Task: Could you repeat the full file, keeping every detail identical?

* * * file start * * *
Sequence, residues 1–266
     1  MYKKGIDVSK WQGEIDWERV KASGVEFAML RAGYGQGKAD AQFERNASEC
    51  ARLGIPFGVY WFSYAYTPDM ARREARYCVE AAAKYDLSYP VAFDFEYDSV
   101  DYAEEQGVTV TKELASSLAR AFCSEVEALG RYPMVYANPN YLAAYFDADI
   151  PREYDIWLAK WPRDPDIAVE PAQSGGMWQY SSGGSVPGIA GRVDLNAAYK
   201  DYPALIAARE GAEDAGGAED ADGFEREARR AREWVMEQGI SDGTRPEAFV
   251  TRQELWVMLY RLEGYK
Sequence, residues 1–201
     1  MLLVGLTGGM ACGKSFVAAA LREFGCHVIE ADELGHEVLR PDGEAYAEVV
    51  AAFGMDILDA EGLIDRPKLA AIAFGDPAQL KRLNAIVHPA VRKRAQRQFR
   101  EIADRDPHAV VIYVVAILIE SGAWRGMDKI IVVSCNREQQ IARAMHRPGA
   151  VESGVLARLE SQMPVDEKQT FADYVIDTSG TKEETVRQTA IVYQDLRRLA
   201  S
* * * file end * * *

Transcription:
Sequence, residues 1–266
     1  MYKKGIDVSK WQGEIDWERV KASGVEFAML RAGYGQGKAD AQFERNASEC
    51  ARLGIPFGVY WFSYAYTPDM ARREARYCVE AAAKYDLSYP VAFDFEYDSV
   101  DYAEEQGVTV TKELASSLAR AFCSEVEALG RYPMVYANPN YLAAYFDADI
   151  PREYDIWLAK WPRDPDIAVE PAQSGGMWQY SSGGSVPGIA GRVDLNAAYK
   201  DYPALIAARE GAEDAGGAED ADGFEREARR AREWVMEQGI SDGTRPEAFV
   251  TRQELWVMLY RLEGYK
Sequence, residues 1–201
     1  MLLVGLTGGM ACGKSFVAAA LREFGCHVIE ADELGHEVLR PDGEAYAEVV
    51  AAFGMDILDA EGLIDRPKLA AIAFGDPAQL KRLNAIVHPA VRKRAQRQFR
   101  EIADRDPHAV VIYVVAILIE SGAWRGMDKI IVVSCNREQQ IARAMHRPGA
   151  VESGVLARLE SQMPVDEKQT FADYVIDTSG TKEETVRQTA IVYQDLRRLA
   201  S